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NCAA: Overseas Option A Threat?
Posted By Yannis Koutroupis On August 18, 2011 @ 3:05 pm In All,Main Page,NCAA | No Comments
NCAA Players Could Go Overseas Too: Currently all the talk is about NBA players going overseas and the impact it is going to have on the ongoing Collective Bargaining Agreement negotiations between the owners and the players. Players are seriously exploring career opportunities overseas, with more than 20 guys already agreeing to deals with new teams. Players uninterested in playing overseas are quickly becoming the minority as just about everyone seems open to the idea, especially if the 2011-2012 season is delayed or cancelled.
While this may be a big story now, the exodus is only going to last as long as the lockout does. In time everyone is going to come back to the NBA. It’s still going to be the home of the best players in the world with the most amount of money available.
What isn’t talked about enough is that NCAA players could end up being the next group to start looking at overseas employment options if the age limit is increased. The last CBA required a prospect to be at least one year removed from high school. There are rumors that an increase to two or three years could be included in the new CBA.
If that’s the case, we’re definitely going to see some players opt to go overseas. We already saw it happen during the last deal when players only had to wait one year after high school. Milwaukee Bucks point guard Brandon Jennings opted to play overseas rather than in the NCAA and attributes a lot of his early success to that decision.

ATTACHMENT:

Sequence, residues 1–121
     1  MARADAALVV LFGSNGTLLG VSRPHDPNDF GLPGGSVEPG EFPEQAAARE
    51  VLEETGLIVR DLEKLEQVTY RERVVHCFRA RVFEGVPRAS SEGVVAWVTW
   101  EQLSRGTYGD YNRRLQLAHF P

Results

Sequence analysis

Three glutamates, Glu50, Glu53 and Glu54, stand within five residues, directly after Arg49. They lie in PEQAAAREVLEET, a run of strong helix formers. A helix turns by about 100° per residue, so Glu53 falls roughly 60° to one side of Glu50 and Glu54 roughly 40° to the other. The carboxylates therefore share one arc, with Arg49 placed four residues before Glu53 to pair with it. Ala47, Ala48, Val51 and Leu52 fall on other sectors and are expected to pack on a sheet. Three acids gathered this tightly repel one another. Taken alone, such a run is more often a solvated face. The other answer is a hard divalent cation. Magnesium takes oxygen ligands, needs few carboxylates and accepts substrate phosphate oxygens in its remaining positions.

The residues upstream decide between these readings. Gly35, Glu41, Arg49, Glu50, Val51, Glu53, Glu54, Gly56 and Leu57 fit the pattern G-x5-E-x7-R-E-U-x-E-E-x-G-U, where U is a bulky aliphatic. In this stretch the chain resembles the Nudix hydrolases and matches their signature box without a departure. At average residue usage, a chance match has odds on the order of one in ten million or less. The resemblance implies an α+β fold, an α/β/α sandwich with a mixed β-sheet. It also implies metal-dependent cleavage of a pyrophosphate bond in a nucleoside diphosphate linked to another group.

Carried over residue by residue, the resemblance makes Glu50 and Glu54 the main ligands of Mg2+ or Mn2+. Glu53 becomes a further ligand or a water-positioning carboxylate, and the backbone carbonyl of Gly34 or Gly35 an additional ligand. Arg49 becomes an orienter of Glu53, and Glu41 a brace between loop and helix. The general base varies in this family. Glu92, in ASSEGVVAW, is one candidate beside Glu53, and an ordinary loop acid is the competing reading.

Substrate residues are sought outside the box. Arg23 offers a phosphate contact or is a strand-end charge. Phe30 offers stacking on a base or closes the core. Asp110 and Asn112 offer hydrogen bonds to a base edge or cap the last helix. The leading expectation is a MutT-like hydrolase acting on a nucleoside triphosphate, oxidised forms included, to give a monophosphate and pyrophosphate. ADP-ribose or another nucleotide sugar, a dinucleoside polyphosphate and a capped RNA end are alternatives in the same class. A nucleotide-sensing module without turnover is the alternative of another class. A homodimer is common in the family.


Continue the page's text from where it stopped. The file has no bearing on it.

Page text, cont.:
The NCAA has a very elaborate and restrictive set of rules that are not exactly ideal to abide by. Full scholarship athletes have to take classes full-time, cannot accept any kind of impermissible benefits and have limitations on how much they can work with their coaches during the offseason. For future pros there is a lot distracting them from being able to work on their game, which is most important to them.
Not only would they be able to get paid overseas, they’d also have the ability to put in far more work than they would as college students. Plus, they remain draft eligible. With how the game has developed internationally, NBA scouts and GMs would still be able to see them plenty despite the great amount of distance between them.
When the influx of NBA players comes to a halt overseas, pro teams are going to explore other options. Imagine what Kentucky freshman power forward Anthony Davis would be worth to a team overseas if he was guaranteed to stay for two, maybe three seasons. They could make an offer that would be pretty tough to pass on, while the NCAA would still be enforcing their “our way or the highway” policy.
This possibility is just another testament to how important the next CBA is going to be. It’s going to impact basketball as a whole worldwide, not just in the NBA.